Starlings (Sturnus vulgaris)
Starlings (Sturnus Vulgaris) are small birds which are extremely common in the UK. Often confused with thrushes or blackbirds at a distance, they have their own distinctive purple and green mottled feathers when viewed up close. Alone they do not cause many problems, but they tend to gather in enormous flocks which can cause a great deal of annoyance as well as possible health concerns.
Starlings- The Key Facts
On average, starlings measure approximately 19-23cm from the top of their head to the bottom of their tail, with a wingspan of around 40cm. When viewed from a distance, starlings appear black and are therefore frequently confused with blackbirds. Closer up, though, one can see that they are actually a very dark brown, with a sheen to their feathers that makes them appear darker than they really are. Their feathers are also speckled with flecks of green and purple. During the winter, starlings will often develop white spangles. Younger starlings are more grey-brown and develop their distinctive colouring as they mature.
Starlings are social birds and will commonly gather in rather large flocks. Ornithologists believe that this is to protect the flock- or murmuration, to give it its proper name- from larger birds of prey. As further protection, the murmuration will fly together in a closely-knit sphere shape. Since flocks can reach up to a million starlings in size, these flights are a remarkable sight. In Scandinavia, where such large groups are more common, they are known as the “black sun”.
One of the most distinctive features of starling behaviour is their ability to mimic the cries of other birds, as well as a number of man-made and natural sounds. Their song begins with a number of whistles, before moving through a series of sounds that they have picked up from elsewhere. When listened to for long enough, one will notice that the starling’s song regularly cycles through the same repertoire of sounds, beginning and ending the song with clicks and whistling. For the most part, male starlings sing in order to attract a mate, although they will still do so outside of the breeding season, albeit with less frequency.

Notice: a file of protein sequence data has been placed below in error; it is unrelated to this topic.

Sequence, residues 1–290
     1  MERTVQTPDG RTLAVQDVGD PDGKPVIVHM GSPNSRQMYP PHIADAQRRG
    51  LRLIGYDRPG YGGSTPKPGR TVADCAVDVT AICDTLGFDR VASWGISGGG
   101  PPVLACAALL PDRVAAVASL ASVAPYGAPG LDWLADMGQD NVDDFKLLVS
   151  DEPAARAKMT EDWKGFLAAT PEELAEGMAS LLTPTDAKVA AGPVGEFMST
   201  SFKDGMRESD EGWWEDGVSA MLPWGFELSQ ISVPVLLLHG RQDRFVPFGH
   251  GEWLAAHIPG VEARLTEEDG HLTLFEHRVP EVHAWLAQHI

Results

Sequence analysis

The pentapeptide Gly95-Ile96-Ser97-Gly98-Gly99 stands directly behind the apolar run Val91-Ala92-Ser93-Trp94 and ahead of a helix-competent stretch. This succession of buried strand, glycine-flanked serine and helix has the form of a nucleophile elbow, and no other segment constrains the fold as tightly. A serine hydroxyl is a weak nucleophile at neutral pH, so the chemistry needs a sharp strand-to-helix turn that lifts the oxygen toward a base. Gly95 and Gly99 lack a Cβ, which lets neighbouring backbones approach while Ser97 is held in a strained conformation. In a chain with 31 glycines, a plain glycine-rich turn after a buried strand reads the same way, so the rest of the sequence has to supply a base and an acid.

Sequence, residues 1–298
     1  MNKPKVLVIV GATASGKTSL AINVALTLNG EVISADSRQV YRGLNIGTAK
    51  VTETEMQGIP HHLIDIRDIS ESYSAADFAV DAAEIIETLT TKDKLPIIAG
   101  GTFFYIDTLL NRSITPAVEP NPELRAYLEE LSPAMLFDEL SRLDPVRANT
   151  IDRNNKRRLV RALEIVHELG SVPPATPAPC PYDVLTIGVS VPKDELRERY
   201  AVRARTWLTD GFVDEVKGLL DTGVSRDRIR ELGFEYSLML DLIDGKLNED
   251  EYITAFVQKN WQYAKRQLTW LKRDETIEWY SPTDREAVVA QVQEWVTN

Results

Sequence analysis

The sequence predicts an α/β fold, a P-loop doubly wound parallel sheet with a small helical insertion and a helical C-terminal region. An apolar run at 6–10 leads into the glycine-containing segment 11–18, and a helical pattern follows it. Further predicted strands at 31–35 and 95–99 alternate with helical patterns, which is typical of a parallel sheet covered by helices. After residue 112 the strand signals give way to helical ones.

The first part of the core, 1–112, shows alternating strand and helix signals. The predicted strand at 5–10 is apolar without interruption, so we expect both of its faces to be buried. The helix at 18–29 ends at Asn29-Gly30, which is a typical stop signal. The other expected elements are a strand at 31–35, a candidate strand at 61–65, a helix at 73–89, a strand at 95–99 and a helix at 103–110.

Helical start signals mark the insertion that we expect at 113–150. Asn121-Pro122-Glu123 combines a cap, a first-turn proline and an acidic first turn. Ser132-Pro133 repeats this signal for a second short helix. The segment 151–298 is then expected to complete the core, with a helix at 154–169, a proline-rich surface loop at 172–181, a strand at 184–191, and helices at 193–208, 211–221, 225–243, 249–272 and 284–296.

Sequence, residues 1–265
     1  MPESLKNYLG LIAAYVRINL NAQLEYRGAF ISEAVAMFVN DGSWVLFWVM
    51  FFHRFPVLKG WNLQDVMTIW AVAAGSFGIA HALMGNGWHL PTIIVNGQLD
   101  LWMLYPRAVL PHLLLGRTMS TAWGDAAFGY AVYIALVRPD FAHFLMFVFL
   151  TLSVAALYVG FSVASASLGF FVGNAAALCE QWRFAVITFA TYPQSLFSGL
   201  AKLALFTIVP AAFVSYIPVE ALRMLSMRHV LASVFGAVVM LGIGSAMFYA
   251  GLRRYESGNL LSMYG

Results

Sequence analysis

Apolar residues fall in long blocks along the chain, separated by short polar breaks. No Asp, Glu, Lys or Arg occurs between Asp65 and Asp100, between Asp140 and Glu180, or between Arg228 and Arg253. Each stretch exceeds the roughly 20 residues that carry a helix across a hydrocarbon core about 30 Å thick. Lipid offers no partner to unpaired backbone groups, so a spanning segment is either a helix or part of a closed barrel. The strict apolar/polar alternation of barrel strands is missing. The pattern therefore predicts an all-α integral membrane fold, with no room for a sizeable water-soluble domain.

Starlings (Sturnus vulgaris)- The Significance of Pest Control
In small numbers, starlings don’t generally pose much of a problem to humans. However, their proclivity to gather together means a group of them can quickly lead to serious problems. In particular, their droppings can accumulate extremely rapidly. In the most extreme circumstances with flocks of more than a million starlings, these droppings can reach up to a foot in depth. Not only is this unhygienic, but it can also cause some serious damage to certain buildings. That’s because this guano is highly acidic and can therefore wear away sandstone and limestone in a short space of time. Even if you have this fouling cleaned up, it will be back before long if the root of the issue is not dealt with, making starling control a key concern for many businesses and property owners.
As we mentioned earlier, starlings are particularly noisy birds. Again, when present in large numbers this can prove to be a major problem, as they will cause a great deal of commotion day and night. They will endlessly call out to each other with their individual songs, which can be extremely irritating if one has to listen to this incessantly. Furthermore, starlings are among the messiest birds when building nests, strewing debris all around as they go. They also have a mating ritual whereby males will decorate their nests with all manner of brightly-coloured plants, which the females will throw out when they have paired up- causing even more mayhem. Such nesting behaviour is a particular issue in urban areas where the debris will be highly visible.
One of the most noteworthy pest control cases ever involved a starling infestation of Big Ben in 1949. Huge numbers of the birds roosted on the clock hands of the tower- so many that the clock itself actually stopped working.
Finally, like many bird species, starlings are highly intelligent creatures. They have a real knack for squeezing through even the smallest of openings if it means that they can build a nest inside, so they are very difficult to keep at bay. With a starling infestation, prevention is key. Not only should you work to ensure that they can’t get inside your building, but you should also take steps to keep them off your property entirely. Fortunately, Pest Solutions has a wide range of bird control measure ready to put into place, to help you take back your property from this troublesome pest bird species.
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